Monday, February 3, 2014

Reform from within with a different kind of consciousness

Going back to this Chomsky video, he was asked if one tried to reform the system from within weren't they in effect just feeding the capitalist beast. He said no, that that was a necessary step on the way to libertarian socialism (LS). That we need to make progressive inroads to transform it from within. He provided numerous examples of LS systems past and present that are quite successful, but in themselves they do not change the dominant system. And when those systems get too successful on a larger scale, the not only the state socialists but the state capitalists will team up to crush them, for such actual democratic liberty is a threat to both of them.

Thing is, state capitalism operates within at least a nominal democratic political system. Granted it does everything in its considerable power to overcome that democracy, but it relies on at least maintaining the facade to prevent outright revolution of the kind that has decimated state socialism. So we need to use that pretense to justify progressive changes within the existing system by winning over the workers of America, the ones getting the shaft by the capitalist plutocrats and their political cronies in government. Time and again we see them give an inch here and there when popular sentiment rises up. And there is some support in our governments by way of some truly progressive politicians that actually believe in democracy and the people. Yes, they are in the minority but they hold true to the democratic ideals on which such constitutions were founded at the expense of actual blood  when tyranny and fascism ruled the day.

So if workers unite and politically fight for democracy we have seen that they do indeed make inroads. As Chomsky said, we change our consciousness by actively participating in direct democracy, not by trying to figure out intellectually how to get there with rules and formulas. In the process of enacting it we adjust to conditions on the ground, organizing systems that fit the circumstances as we go. Yes, LS has general principles to which we adhere, but they are manifested into system working with what we have and changing it. To hold to strictly to idealist systems often misses the necessary elements in front of us, trying to fit everything into a theory, which often then ironically misses such opportunity when presented because it doesn't fit.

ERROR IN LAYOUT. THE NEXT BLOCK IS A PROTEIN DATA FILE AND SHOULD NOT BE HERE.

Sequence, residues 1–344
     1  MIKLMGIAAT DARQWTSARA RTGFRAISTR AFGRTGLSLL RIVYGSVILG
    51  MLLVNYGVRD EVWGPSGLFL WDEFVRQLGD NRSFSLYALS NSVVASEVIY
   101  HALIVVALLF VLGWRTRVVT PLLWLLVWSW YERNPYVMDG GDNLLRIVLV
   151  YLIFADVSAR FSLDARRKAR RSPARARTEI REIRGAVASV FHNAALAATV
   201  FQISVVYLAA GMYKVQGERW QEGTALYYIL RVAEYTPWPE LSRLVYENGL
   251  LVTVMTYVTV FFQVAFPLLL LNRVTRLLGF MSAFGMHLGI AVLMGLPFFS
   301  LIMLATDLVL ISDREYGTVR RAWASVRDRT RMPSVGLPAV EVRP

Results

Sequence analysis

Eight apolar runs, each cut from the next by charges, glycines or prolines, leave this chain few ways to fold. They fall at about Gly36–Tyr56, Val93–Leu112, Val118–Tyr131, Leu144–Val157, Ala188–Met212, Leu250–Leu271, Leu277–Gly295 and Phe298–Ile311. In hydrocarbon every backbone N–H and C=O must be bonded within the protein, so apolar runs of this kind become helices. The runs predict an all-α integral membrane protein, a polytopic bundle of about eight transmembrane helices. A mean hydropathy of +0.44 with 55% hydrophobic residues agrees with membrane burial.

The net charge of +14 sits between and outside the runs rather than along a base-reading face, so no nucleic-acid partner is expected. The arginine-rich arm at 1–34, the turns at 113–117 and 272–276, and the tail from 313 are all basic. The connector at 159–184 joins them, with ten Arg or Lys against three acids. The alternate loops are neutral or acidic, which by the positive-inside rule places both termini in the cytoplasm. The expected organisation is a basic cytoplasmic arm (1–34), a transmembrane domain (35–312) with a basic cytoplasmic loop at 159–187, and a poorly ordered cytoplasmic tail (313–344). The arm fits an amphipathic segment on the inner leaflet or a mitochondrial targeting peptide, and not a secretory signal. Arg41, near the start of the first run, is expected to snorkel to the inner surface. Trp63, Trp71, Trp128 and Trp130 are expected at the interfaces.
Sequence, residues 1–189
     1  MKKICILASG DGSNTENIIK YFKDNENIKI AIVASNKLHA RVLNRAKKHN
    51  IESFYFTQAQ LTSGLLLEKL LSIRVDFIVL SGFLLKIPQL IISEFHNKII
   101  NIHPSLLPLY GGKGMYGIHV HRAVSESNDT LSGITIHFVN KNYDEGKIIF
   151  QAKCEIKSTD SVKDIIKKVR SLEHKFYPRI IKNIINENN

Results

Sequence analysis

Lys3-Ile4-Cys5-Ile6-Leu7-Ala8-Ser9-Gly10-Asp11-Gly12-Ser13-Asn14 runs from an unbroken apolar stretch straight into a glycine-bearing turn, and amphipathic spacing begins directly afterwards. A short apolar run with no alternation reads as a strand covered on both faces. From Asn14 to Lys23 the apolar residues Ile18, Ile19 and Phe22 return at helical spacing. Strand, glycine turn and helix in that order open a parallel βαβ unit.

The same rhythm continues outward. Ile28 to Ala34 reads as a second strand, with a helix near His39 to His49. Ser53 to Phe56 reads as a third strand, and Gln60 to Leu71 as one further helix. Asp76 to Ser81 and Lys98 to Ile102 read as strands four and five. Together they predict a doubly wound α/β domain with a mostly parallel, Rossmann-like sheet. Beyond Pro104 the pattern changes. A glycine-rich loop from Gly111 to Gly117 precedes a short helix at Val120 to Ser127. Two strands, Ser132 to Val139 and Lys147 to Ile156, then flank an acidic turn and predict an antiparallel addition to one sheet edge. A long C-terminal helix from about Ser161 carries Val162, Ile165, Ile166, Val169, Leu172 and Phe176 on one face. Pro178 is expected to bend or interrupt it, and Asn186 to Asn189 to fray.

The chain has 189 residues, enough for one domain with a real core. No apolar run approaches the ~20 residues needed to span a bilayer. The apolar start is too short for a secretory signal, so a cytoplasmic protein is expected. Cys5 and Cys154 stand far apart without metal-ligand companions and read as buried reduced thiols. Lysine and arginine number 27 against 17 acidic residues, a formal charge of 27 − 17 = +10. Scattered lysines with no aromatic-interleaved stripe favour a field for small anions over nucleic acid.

Recall this post discussing Human's Ph.D. thesis called "Potential economies: complexity, novelty and the event" (starting here). This post was on how it applies to capitalism, and that the system itself is based on the kind of utilitarian rationality which sees system first as the way to organize economies. If something doesn't fit into it then it is ignored or marginalized. He sees this as an example of a restricted economy and general economies require "a different kind of reasoning," one which doesn't see the idea (ideal) as the most important, again an example of the kind of idealism that dominates the egoic-rational structure. Such idealism ends up creating the kind of state capitalist and state socialist structures that subsume the individual within such set theoretical systems. Whereas this other kind of reasoning (integral?) allows for adjusting to the actual conditions on the ground, remaining open enough to change our contingent organizational structures when necessary. And allowing for the kind of individual autonomy that isn't so self-centered as to overlook its social connections, aka libertarian socialism.

I see the same idealistic dynamic or restricted economy involved in such integral models when based on the same kind of egoic-rational consciousness and its hidden metaphysical premises including a mereology based on the kind of set theory inherent to that consciousness. Whereas we see a different sort of democratic mereology in Bryant and the speculative realists, which I'd suggest is influenced by this other kind of emerging reasoning beyond the metaphysical formal operations inherent to capitalism. And in many cases, integral theory in its support of such an idealistic economic system, as it tends to unconsciously use the same kind of consciousness structure from participating in and enacting not democracy but plutocracy.

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